The title "To the Ephesians" is found in the Muratorian canon, in Irenaeus, Tertullian and Clement of Alexandria, as well as in all the earliest MSS.
It purports to be by Paul, and was held to be his by Marcion and in the Muratorian canon, and by Irenaeus, Tertullian and Clement of Alexandria, all writing at the end of the 2nd century.
Such an epistle is mentioned in the Muratorian canon.
The Epistle to the Alexandrians is mentioned only in the Muratorian canon (see Zahn ii.
The brevity of the note and its lack of doctrinal significance prevented it from gaining frequent quotation in the early Christian literature, but it appears in Marcion's canon as well as in the Muratorian, whilst Tertullian mentions, and Origen expressly quotes it.
It is mentioned in the Muratorian Canon, and according to Eusebius (H.E.
This is the period indicated by the evidence of the Muratorian Canon, which assigns it to the brother of Pius, Roman bishop c. 1 391 54.
108, &c.); in Rome by its inclusion in the Muratorian canon, and in Gaul by its use in the Epistle of the churches of Vienne and Lyons (Eus.
This list published by Muratori in 1740, and called after him " the Muratorian Fragment on the Canon," is commonly believed to be of Roman origin and to be a translation from the Greek, though there are a few dissentients on both heads.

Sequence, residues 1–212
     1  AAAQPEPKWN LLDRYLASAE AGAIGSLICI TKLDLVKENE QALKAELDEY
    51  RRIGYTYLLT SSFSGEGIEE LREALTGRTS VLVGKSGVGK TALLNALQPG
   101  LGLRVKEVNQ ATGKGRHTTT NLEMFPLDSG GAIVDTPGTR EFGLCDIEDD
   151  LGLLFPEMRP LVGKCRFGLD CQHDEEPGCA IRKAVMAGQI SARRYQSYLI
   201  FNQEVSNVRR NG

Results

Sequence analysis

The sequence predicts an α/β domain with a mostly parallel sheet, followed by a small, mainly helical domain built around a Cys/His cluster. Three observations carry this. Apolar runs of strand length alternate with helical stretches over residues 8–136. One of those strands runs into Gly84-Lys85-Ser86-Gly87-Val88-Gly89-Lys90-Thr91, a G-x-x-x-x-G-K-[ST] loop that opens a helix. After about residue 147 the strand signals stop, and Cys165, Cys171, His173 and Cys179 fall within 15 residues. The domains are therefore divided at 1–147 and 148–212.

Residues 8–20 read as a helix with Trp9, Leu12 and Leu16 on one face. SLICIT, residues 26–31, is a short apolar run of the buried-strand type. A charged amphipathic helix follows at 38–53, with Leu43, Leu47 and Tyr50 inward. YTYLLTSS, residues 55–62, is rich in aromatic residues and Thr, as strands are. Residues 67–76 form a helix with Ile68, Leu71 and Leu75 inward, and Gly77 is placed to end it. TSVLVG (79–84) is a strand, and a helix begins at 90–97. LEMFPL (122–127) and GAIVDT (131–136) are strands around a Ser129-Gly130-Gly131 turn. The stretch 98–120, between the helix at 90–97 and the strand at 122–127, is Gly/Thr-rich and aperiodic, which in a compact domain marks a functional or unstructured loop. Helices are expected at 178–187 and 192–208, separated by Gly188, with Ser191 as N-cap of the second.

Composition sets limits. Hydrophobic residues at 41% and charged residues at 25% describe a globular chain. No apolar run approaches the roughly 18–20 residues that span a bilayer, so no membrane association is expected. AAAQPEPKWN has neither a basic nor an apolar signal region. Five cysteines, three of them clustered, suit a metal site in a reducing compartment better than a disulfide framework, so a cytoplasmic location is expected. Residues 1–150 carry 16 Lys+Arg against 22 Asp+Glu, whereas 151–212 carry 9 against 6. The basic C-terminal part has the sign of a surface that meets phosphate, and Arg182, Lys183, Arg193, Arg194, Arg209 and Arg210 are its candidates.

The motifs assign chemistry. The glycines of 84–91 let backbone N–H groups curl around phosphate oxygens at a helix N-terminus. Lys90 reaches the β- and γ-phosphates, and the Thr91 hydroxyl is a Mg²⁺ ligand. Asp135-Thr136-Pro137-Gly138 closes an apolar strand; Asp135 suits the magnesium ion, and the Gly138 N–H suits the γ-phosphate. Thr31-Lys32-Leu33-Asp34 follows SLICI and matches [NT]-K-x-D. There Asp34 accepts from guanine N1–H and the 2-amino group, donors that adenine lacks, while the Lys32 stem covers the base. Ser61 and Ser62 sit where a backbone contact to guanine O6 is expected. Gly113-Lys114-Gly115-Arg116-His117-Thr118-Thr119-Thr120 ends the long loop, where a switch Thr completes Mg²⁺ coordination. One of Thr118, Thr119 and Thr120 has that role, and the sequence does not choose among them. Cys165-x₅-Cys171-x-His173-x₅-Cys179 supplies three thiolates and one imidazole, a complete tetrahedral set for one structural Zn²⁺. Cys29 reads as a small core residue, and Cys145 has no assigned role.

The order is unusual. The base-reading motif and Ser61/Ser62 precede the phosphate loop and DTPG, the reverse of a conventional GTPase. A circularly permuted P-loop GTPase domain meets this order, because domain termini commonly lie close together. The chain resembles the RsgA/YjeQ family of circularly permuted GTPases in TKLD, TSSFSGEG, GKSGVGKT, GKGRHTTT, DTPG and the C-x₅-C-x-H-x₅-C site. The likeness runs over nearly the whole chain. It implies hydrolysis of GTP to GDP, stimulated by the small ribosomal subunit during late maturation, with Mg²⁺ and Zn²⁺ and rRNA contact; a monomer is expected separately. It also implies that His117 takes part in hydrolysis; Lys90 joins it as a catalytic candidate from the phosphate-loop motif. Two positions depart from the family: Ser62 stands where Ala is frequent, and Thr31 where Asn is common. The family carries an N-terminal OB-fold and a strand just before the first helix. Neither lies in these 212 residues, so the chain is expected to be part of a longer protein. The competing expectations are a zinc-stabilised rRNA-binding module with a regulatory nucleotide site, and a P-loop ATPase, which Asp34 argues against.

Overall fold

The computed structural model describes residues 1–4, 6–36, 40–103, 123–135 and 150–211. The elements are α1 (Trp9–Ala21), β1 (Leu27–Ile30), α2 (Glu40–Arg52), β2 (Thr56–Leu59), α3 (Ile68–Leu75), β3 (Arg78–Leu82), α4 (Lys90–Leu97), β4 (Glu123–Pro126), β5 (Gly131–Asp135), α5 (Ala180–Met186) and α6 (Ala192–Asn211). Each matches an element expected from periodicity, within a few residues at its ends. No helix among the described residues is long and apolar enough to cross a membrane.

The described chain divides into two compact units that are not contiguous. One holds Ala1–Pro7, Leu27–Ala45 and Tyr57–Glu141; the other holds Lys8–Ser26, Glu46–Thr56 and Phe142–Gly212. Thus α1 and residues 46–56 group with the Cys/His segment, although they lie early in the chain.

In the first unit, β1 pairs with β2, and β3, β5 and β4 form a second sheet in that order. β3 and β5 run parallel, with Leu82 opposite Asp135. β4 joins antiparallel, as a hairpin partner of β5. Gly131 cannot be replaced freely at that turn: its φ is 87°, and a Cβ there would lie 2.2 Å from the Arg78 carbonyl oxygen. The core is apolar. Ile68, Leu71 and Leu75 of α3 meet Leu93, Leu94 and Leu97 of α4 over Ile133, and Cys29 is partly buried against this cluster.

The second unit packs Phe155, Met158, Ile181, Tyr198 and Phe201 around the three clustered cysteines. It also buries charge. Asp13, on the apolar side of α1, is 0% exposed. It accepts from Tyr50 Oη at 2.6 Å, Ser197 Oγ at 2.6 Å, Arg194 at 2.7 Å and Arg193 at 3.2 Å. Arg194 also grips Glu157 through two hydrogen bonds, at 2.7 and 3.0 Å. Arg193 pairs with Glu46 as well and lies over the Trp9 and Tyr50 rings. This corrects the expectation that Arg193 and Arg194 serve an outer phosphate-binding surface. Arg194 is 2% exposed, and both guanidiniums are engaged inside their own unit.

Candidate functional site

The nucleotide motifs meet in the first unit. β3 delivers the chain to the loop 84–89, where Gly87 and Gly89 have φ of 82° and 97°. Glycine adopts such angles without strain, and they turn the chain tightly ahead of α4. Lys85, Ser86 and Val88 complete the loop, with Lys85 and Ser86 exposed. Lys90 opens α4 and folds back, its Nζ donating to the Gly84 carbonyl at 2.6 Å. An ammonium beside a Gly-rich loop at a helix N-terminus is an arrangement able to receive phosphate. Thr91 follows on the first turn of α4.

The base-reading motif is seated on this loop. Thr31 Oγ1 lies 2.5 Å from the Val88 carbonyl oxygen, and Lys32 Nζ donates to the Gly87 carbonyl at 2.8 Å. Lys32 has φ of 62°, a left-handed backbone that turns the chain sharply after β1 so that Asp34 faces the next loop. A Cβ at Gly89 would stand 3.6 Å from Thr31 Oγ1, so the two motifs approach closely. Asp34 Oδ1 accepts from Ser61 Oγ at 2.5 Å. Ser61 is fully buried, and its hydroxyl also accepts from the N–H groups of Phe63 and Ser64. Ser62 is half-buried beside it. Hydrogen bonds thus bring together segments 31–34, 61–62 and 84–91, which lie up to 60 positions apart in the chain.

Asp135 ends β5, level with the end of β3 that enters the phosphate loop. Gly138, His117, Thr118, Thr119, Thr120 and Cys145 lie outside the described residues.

And the Muratorian canon, and, in the other, from the Pastoral Epistles.
Absent from Marcion's canon, they were included in the Muratorian, where they appear as private letters ("pro affectu et dilectione").
Before him the whole Christian literature in the Latin language consisted of a translation of the Bible, the Octavius of Minucius Felix (q.v.) - an apologetic treatise written in the Ciceronian style for the higher circles of society, and with no evident effect for the church as a whole, the brief Acts of the Scillitan martyrs, and a list of the books recognized as canonical (the so-called Muratorian fragment).
Muratorian Canon, Irenaeus, Tertullian,Clement and Origen), all points to Luke, the companion and fellowworker of Paul (Philem.
Xciv.-xcv.; it was certainly known to Polycarp, and as the 2nd century advances the evidence of its popularity multiplies on all sides, from Ptolemaeus and the Ophites to Irenaeus and the Muratorian canon (cf.